Despite the rapidly changing policy environment, there is a paucity of information on the associations of punitive or reporting state policies being increasingly enacted since 2000 with NAS. To support more empirically informed policymaking, this study sought to address a critical gap in the literature by examining the association of states with punitive or reporting policies related to substance use during pregnancy (hereafter, punitive or reporting policies) with rates of NAS, a proxy for maternal opioid use. We hypothesized that punitive policies, which have been shown to discourage women from seeking prenatal care and SUD treatment,13-15 would be associated with higher NAS rates as women would be less likely to engage in the health care system and receive interventions that could reduce prenatal opioid use.
The study was approved by the RAND institutional review board with a waiver of consent because data were deidentified and consent could not be feasibly obtained. This study was reported following the Strengthening the Reporting of Observational Studies in Epidemiology (STROBE) reporting guideline for observational studies.
Data from the Healthcare Cost and Utilization Project’s State Inpatient Databases compiled by the Agency for Healthcare Research and Quality16 were used to identify rates of NAS. The State Inpatient Databases contain the universe of inpatient discharge records from community hospitals in participating states and include all patients, regardless of payer. We examined a convenience sample of states that varied in their enactment of punitive or reporting policies with the following years of data: Arkansas (2004-2009), Arizona (2003-2013), Colorado (2003-2014), Kentucky (2007-2014), Massachusetts (2005-2014), Maryland (2003-2014), Nevada (2003-2014), and Utah (2009-2014) (eTable 1 and eTable 2 in the Supplement). Data on licensed SUD treatment facilities with programs for pregnant or postpartum women were assembled from the National Directory of Drug and Alcohol Abuse Treatment Programs and geocoded using ArcGIS Desktop geographic software (Esri). This data set included treatment facilities that were licensed, certified, or otherwise approved for inclusion in the directory by their state SUD agencies and responded to the previous year’s National Survey of Substance Abuse Treatment Services. The National Survey of Substance Abuse Treatment Services include data on whether the facility has a specialized treatment program for pregnant or postpartum women. The Area Health Resources File provided additional county-level characteristics.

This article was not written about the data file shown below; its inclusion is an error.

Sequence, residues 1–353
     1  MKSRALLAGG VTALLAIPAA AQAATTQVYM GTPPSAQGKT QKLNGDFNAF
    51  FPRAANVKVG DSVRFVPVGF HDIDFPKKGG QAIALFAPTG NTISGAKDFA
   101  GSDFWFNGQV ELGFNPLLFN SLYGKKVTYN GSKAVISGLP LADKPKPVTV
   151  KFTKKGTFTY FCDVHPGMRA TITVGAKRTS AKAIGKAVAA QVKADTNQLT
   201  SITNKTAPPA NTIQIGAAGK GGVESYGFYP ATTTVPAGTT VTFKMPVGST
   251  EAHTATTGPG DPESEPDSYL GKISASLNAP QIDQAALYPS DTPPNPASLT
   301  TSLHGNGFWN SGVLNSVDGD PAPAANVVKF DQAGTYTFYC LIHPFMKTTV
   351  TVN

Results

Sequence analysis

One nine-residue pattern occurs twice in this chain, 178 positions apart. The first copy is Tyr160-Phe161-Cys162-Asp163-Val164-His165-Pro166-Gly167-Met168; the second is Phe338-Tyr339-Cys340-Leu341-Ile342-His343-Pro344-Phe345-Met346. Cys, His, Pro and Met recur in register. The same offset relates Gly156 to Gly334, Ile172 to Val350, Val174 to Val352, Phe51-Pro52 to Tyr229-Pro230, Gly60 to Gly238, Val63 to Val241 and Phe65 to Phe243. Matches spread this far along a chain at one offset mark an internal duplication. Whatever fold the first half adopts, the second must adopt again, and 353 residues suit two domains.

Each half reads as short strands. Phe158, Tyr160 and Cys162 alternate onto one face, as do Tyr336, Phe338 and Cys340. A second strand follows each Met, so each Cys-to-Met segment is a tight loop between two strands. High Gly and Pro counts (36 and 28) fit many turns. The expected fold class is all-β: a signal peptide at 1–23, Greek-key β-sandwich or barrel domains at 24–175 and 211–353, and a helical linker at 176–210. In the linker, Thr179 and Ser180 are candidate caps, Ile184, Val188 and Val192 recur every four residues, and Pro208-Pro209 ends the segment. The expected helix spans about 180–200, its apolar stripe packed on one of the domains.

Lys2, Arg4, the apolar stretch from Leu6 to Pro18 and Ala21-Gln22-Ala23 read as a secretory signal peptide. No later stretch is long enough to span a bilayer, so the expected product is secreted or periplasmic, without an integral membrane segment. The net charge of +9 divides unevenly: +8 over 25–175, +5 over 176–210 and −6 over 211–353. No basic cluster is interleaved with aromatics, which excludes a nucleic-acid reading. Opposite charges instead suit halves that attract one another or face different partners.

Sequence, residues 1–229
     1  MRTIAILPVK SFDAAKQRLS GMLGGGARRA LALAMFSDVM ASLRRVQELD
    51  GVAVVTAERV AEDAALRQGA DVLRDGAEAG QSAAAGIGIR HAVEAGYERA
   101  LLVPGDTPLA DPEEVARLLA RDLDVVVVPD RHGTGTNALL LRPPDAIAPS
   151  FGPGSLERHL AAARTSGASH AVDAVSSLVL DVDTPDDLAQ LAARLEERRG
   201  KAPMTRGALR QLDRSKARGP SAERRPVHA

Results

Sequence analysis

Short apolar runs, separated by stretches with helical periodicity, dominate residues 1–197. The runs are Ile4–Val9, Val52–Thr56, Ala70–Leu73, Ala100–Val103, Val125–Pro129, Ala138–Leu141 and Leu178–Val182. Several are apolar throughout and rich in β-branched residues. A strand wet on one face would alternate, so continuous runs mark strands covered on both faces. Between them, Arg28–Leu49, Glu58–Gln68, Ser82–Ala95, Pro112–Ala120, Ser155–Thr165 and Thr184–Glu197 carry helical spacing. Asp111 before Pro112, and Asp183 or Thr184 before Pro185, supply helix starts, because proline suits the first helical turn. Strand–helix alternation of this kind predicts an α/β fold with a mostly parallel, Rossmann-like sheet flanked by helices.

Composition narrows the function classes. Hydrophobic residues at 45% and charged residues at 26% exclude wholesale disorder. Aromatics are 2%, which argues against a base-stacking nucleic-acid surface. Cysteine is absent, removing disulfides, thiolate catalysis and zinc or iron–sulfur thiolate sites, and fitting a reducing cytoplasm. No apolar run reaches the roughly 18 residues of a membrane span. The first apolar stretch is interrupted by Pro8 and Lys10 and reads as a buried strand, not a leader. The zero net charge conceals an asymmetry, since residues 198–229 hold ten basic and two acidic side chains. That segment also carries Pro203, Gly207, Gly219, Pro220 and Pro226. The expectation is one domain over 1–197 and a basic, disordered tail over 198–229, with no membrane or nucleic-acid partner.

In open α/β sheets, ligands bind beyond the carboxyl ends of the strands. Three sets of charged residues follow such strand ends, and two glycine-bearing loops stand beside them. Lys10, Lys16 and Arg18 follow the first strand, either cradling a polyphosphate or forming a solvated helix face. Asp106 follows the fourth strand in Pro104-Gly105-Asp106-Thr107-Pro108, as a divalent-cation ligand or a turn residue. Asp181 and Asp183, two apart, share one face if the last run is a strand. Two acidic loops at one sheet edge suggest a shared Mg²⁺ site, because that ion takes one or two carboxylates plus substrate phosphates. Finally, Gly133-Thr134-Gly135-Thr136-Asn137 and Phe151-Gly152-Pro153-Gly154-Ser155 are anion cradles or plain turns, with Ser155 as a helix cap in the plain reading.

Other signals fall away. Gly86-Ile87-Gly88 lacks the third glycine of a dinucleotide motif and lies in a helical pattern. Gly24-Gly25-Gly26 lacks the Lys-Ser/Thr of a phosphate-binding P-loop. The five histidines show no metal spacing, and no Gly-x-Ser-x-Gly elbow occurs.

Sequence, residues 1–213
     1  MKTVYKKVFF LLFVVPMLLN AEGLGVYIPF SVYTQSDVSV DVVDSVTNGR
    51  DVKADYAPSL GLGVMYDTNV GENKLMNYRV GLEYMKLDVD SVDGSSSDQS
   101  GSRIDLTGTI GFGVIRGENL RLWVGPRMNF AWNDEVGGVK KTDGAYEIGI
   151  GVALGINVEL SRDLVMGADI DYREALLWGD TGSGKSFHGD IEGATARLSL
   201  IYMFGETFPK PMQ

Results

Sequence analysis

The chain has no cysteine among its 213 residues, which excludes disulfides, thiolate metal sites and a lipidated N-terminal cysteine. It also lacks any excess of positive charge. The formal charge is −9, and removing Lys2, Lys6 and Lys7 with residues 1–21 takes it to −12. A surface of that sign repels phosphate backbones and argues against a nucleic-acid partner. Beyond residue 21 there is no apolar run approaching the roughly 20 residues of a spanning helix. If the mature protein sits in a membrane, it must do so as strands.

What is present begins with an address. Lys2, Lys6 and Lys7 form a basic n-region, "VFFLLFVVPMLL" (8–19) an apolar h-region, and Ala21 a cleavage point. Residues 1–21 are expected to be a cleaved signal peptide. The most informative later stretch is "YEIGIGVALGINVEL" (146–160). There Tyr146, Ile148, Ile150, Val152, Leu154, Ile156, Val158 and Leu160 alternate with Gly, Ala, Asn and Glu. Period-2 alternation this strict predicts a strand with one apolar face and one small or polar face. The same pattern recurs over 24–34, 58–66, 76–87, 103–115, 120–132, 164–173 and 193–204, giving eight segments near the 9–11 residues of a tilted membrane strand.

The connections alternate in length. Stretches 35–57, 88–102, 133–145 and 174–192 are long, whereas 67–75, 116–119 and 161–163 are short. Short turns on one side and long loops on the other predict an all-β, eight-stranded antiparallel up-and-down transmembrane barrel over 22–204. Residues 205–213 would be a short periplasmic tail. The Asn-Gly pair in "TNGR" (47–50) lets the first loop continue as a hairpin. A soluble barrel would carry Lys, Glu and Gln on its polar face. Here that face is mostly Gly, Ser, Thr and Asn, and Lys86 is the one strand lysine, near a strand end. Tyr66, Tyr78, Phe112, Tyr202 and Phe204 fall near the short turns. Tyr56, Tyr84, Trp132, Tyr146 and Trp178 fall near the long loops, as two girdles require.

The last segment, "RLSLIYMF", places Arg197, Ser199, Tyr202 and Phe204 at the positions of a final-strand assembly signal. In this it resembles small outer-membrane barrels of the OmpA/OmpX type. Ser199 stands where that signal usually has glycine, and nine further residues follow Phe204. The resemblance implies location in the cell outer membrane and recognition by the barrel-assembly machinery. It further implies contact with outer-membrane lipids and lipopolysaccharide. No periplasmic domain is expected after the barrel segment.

We examined 2 types of state policies: (1) punitive, defined as policies by which substance use during pregnancy was criminalized, considered grounds for civil commitment, or considered child abuse or neglect; and (2) reporting, defined as policies that mandated reporting of suspected prenatal substance use to relevant authorities. Information on these 2 types of policies, including effective dates, were obtained from the Guttmacher Institute,10 which has tracked state policies related to reproductive health and rights since the early 1970s. To obtain detailed information about state policies, such as policy enactment dates, Guttmacher Institute staff annually review the LexisNexis database, routinely monitor state legislature and state agency websites, and conduct follow-up telephone calls with policymakers as needed. We supplemented the information received from the Guttmacher Institute10 with information from published studies retrieved through a targeted literature review,17 ProPublica,18 and the National Conference of State Legislatures.19 Relevant statutes were reviewed, and we discussed discrepancies among sources and resolved them by consensus.